Iron in Africa

  General Overview
Africa is rather large, and the smelting of iron took place there for at least 2500 years. "Iron in Africa" is thus not a topic that can be covered with some breadth and depth in just a few pages. I apologize right away for many major omissions and mistakes.
What we know is that some people in Africa smelted iron already in ancient times, like 500 BC or even earlier. They did that in primitive bloomeries, of course, like everybody else. That is not so amazing. The technology, if it wasn't invented independently, could easily have reached Northern Africa via the Phoenicians and the Meroitic regions (now Sudan) down the Nile from the Hitittes when they had invaded Egypt. I think we can actually be pretty sure that it had reached these areas, indeed.
The amazing thing is that you probably can still find some people in Africa who could smelt some iron for you in a primitive bloomery. In some places they have never quite stopped doing this. It just kind of fizzled out in the last 100 years or so but the know-how is still around and can be used to please an archeometallurgist or just a curious (paying) tourist, I guess. I'll come back to this.
Serious smelting in bloomeries to meet people's needs and not to please tourists was still practiced in some places in Africa in the late 19th century. Sometimes this was watched and photographed by Western explorers. Some of the ancient tricks around iron technology, long since forgotten in the West, might have been recorded then. Nobody cared much about that for most of the time but the situation has changed since 1985, let's say. Papers to the general topic of "Iron in Africa" are coming in at a rapidly increasing rate since then and we might learn quite a bit about ancient iron making by looking at how people in Africa really did it.
Africa is big and what I mentioned above only covers a tiny bit of that continent. To make a long story short I just raise a few major points:
  • Smelting happened all over the place in many cultures.
  • The iron produced was mostly used for everyday items, farming implements, ritual things and for (simple) weapons.
  • The level of sophistication was very low and far below of what is needed to produce for example a pattern-welded sword, a wootz blade or a Japanese katana.
  • It is very difficult to find examples of early African iron. Almost all pictures found in the Net relate to commercial items, either without a date or 19th / 20th century. Items in museum are often not dated either or from more recent times. Here are examples:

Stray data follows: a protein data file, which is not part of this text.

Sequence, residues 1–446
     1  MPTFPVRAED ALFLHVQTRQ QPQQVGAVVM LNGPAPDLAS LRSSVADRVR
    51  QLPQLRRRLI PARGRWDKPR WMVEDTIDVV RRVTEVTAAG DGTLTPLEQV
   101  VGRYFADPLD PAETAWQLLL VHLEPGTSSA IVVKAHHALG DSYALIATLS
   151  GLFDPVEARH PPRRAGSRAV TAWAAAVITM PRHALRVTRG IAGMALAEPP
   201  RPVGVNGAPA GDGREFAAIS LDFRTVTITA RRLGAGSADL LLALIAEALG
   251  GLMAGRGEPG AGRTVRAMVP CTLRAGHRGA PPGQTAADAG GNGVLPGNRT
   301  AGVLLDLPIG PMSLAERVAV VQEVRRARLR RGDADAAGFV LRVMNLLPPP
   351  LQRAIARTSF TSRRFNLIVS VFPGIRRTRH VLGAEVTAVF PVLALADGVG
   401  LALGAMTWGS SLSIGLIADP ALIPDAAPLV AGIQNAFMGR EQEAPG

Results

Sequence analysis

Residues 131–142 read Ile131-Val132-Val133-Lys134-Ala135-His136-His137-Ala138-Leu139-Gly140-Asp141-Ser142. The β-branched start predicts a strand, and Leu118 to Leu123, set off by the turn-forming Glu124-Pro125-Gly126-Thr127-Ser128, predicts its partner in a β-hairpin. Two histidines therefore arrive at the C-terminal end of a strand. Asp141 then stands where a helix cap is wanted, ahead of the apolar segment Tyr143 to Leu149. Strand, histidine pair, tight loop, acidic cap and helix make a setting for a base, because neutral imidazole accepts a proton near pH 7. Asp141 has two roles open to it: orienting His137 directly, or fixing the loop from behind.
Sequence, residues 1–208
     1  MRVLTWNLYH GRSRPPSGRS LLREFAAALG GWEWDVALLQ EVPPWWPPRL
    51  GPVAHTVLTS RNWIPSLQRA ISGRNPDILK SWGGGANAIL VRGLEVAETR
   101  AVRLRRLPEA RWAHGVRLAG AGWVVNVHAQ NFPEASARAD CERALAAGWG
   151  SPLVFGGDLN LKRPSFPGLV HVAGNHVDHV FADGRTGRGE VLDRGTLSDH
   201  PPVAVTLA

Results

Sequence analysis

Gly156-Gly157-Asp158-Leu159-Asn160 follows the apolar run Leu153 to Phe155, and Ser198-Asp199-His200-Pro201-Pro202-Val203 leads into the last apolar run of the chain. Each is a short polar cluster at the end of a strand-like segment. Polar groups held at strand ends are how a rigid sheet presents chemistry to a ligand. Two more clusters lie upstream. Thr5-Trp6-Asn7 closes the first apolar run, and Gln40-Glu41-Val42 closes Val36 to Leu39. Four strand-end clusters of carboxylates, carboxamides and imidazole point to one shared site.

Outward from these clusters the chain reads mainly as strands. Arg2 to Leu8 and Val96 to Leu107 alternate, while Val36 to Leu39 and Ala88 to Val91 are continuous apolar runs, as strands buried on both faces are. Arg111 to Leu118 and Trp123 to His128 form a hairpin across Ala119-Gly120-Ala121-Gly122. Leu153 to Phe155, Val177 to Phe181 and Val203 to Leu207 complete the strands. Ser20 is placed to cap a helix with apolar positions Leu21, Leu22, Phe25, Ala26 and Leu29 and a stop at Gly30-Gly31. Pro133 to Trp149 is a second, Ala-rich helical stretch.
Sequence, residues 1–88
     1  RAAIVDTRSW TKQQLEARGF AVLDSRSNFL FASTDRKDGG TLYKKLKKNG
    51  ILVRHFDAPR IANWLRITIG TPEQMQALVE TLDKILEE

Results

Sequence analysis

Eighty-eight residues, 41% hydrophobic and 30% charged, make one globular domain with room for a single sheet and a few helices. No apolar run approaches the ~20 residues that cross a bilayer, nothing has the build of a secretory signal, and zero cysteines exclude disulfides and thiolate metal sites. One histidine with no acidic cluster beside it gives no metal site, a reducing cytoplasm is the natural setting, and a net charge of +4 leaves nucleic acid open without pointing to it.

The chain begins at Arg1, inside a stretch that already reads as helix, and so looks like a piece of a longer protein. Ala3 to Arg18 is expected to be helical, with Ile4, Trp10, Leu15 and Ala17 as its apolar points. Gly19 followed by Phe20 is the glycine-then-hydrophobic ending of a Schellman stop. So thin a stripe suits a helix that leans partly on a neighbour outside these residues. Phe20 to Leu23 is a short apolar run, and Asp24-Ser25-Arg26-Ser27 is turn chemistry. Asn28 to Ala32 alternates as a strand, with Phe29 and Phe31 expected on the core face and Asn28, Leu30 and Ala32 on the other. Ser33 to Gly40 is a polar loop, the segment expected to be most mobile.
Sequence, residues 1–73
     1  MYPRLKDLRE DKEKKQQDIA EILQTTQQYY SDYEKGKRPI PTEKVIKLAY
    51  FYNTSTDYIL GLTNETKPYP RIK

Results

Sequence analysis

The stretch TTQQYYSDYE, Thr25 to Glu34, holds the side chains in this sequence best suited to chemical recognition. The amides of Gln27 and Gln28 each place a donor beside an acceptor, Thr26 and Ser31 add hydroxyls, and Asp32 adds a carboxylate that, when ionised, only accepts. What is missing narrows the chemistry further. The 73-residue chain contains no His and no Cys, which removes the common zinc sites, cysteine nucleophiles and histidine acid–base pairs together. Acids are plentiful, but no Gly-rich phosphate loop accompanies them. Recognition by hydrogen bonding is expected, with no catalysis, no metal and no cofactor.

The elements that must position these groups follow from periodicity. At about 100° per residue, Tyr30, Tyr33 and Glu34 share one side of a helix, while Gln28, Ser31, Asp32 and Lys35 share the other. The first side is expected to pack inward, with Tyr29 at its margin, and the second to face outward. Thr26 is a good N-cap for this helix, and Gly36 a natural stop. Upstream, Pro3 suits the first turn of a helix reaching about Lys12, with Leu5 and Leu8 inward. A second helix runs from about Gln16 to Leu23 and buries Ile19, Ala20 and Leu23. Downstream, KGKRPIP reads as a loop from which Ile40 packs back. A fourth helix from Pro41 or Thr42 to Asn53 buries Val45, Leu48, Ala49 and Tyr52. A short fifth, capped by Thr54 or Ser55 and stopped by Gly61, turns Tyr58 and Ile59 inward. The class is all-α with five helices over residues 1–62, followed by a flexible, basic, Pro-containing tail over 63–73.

Iron Yoruba stuff relating to Osanyin
Iron Yorube rod relating to the patron saint / deity Osanyn
Things like this are offered aplenty in the Net
Source: Photographed in the NYC National History Museum 2013
African swords; Copenhagen museum
A small part of the collection of African swords in the Copenhagen museum
Source: Photographed in the Copenhagen museum
All the specimen above are in museums - and not dated. Plenty of similar stuff is up for sale in the Internet and either from the 20th century or not dated either. I doubt not that objects like these might have been made for hundreds of years - I just haven't seen a really old one yet.
Now let's look at some particular places / times. What follows is a highly subjective list. It simply indicates what I have found interesting in a limited time of searching around. I apologize for the misses and my personal bias.
Kushite Kingdom in Nubia / Sudan
The mighty Egyptians mostly dominated their neighbors in the south, the Kushites (Nubians) in what nowadays is the Sudan. Sometimes, however, it was the other way around. Kushite Kings ruled Egypt as Pharaohs of the Twenty-fifth dynasty for about a century (8th century BC) before they were kicked out again. The old Kushite capital Meroë is still well known for its pyramids.
Later the Kushites (like the Egyptians) came under attack by Assyrians, Greeks, Romans (the land of Kush was famous for its gold) and learned early on to adopt the (iron) technologies of the Assyrians that were instrumental for loosing to them. In short, they went into iron smelting and iron forging in a major way. The earliest iron in Nubia dates to around 680 BC, indeed.
At least that is what one reads. The story is backed up by huge slag deposits found in the Kushite area. Purportedly the Kushites / Nubians made iron tips for spears and arrows, axes, hoes and so on but I have yet to see one of these objects.
It is reasonable to assume, as has been done above, that the technology "diffused" into the area and was not discovered independently. It is also reasonable to assume that it spread from there further south - but I don't know a thing about that.
Southern Africa